The asset management industry has enjoyed growth of 140 percent from 2002 to 2014, from $31 trillion to $74 trillion in assets under management, supported by the positive backdrop of falling interest rates and bull markets driven by the central banks. Passive approaches have garnered substantial investor flows due to their lower costs as well as skepticism about whether active managers can beat benchmark market indexes.

In this context, asset managers need to fundamentally rethink how they navigate this new market paradigm.

Investors are already changing their priorities, and, in particular, are developing a strong focus on limiting portfolio drawdown/losses. A recent survey of high net worth investors in Europe and Asia, found that downside protection was their highest priority, with 73 percent of investors citing it as a “very” or “extremely” relevant investment objective. This is a trend that we will see continue to accelerate in 2016, primarily as a result of high market volatility in the aftermath of the U.K. vote.

"In the new investment environment, with returns expected to remain very low across asset classes and risk on the rise, asset managers are reframing their relationships with investors,” says Marcus Queree, Investment partner at Alpinvesta Asset Management. “These market challenges are not temporary and require us to fundamentally reengineer how we build resilient portfolios to navigate this new phase,”.


In response, asset managers need to move away from traditional investment management and develop new ideas about active and passive asset management.

This mindset will steer asset managers to deliver investment solutions measurable against specific economic investor goals; for example, a minimum level of returns, or an excess return over inflation. The benchmark comparison will progressively lose relevance; in the goal-based approach, all investment decisions are seen as active choices, including whether — and to what extent — to add passive products to a portfolio in order to reach a specified goal.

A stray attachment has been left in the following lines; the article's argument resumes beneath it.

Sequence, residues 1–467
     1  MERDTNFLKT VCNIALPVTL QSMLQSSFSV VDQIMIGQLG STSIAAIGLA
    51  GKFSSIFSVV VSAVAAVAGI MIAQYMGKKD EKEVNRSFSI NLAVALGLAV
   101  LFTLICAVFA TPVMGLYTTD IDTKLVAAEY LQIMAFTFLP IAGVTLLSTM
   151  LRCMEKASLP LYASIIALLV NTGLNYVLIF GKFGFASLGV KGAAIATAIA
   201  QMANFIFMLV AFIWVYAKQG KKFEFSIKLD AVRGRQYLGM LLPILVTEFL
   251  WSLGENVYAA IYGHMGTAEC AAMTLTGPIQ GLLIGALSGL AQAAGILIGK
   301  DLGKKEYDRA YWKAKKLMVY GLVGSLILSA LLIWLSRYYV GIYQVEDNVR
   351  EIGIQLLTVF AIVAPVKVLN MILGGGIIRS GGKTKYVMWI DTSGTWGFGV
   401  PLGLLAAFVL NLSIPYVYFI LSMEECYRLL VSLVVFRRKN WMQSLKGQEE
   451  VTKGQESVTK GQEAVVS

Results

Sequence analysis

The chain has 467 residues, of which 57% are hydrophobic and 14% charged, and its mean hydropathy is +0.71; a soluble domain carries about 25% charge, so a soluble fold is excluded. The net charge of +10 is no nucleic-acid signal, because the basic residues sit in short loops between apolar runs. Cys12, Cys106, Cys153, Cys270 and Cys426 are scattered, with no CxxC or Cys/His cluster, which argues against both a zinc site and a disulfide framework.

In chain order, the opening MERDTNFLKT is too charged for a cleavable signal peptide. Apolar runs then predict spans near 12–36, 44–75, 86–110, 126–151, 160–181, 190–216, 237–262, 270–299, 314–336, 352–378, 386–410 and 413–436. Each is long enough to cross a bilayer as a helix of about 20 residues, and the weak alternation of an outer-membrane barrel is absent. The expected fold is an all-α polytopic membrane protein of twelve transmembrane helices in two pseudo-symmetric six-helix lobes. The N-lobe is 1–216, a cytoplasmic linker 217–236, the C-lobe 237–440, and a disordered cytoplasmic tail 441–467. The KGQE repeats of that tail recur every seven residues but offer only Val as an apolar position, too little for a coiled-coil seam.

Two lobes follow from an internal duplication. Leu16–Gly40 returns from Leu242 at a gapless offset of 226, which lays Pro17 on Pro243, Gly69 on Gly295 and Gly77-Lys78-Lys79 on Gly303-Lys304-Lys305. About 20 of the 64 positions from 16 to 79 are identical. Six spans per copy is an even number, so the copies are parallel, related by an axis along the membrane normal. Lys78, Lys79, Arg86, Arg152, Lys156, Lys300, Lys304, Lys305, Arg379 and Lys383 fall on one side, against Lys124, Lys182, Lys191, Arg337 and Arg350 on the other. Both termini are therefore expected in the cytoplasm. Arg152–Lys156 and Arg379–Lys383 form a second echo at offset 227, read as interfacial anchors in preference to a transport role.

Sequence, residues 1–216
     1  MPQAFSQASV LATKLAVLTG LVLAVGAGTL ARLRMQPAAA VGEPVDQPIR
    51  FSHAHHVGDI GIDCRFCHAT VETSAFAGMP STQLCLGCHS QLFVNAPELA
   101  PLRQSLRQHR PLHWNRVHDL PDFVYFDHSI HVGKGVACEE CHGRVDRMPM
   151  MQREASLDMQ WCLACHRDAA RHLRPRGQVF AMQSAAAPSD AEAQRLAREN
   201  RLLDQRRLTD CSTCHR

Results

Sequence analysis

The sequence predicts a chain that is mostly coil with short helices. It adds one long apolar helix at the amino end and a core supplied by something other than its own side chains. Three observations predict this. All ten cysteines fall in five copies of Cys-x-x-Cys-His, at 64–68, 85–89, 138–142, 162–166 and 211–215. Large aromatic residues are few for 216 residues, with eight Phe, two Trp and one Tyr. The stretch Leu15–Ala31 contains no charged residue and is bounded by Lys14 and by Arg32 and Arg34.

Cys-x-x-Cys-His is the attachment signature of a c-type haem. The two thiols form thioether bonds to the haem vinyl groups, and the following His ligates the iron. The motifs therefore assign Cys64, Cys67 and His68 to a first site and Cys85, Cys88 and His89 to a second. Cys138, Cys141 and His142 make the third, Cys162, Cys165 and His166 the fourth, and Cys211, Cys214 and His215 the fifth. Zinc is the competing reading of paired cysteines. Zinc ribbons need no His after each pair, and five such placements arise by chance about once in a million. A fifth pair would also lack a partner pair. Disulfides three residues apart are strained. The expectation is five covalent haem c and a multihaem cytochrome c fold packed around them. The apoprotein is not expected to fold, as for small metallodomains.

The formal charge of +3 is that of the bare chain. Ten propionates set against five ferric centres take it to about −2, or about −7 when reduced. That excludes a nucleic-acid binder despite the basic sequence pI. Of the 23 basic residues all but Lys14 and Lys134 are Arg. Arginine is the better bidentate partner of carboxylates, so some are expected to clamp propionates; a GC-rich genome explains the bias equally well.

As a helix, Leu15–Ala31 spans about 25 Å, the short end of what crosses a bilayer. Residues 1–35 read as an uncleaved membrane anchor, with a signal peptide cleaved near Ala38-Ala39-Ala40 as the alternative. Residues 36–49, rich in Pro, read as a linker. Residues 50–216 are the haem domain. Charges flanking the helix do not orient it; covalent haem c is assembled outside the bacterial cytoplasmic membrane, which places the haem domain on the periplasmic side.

These investment solutions are already gaining traction among investors and asset managers. In the asset management industry, more than €1 trillion of net flows came from solutions—multi-asset, fund of funds and liquid alternatives, including absolute return products—in the years 2011 to 2015. This trend is set to continue in the years to come.

 “We believe that the new environment for investors will entail a radical rethinking of the investment proposition to be a stark separation of active versus passive management,” says Queree.


The new solutions-based style of investing requires new approaches to product design, risk management, portfolio construction and distribution models. Asset managers are beginning to develop fresh approaches to managing risk, as well as focusing on “true” diversification, becoming more transparent around fees and seeking to deliver excess performance in order to compensate for lower expected returns.

More robust diversification can be achieved by using asset classes or investment strategies that exhibit low correlation.


During the 2008 crisis, the largest drawdown recorded by traditionally balanced portfolios (50 percent bonds and 50 percent equities) was in excess of 20 percent. The challenge for asset managers now is to find uncorrelated — but liquid — sources of return to enhance diversification.

More robust diversification can be achieved by using asset classes or investment strategies that exhibit low correlation.

In portfolios such as the above, if 20 percent of the assets had been moved from equities to liquid alternatives, performance would have been slightly impaired (5.2 percent annualized return from 2010—2016, compared to 6.4 percent without liquid alternatives), but the drawdown would have been cut by 36 percent.

We believe that liquid alternatives hold significant potential. There are a number of alternative strategies that asset managers can look to, which may provide flexibility and less-correlated returns, as well as daily liquidity,” says Queree.


In the move toward solutions, asset managers should evolve portfolio construction with a clearer aim to deliver “true value” to compensate for lower expected returns. In the survey, gaining excess returns emerged as investors’ second-highest priority.

Generating excess return is by no means an easy task: analysis conducted shows that, on average, active managers struggled to beat the benchmark in the 17 years from June 30, 1999 to April 30, 2016, contributing to an increase in complaints made by investors and regulators about the costs charged by active managers. By contrast, active managers that demonstrated higher conviction approaches, whose risk management limited downside in bear markets to 95 percent, achieved an annual average excess return of 1.4 percent. The other funds in the sample failed to generate excess returns against the benchmark.

It will be even more important for managers to strengthen their investment processes under a solutions-provider model. To Alpinvesta, this means enhancing high conviction idea generation through research,disciplined portfolio construction and risk management, and engaging in an ongoing dialogue with clients.

“When we look into the future, we see exciting opportunities for asset managers who adopt a solution-driven approach,” concludes Queree

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